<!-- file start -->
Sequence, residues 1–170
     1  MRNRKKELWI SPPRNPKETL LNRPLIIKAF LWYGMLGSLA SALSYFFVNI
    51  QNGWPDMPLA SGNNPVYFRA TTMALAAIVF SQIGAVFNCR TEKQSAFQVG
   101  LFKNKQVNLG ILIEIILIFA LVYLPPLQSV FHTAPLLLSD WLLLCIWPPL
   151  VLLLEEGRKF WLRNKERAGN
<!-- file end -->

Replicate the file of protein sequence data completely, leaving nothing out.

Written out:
Sequence, residues 1–170
     1  MRNRKKELWI SPPRNPKETL LNRPLIIKAF LWYGMLGSLA SALSYFFVNI
    51  QNGWPDMPLA SGNNPVYFRA TTMALAAIVF SQIGAVFNCR TEKQSAFQVG
   101  LFKNKQVNLG ILIEIILIFA LVYLPPLQSV FHTAPLLLSD WLLLCIWPPL
   151  VLLLEEGRKF WLRNKERAGN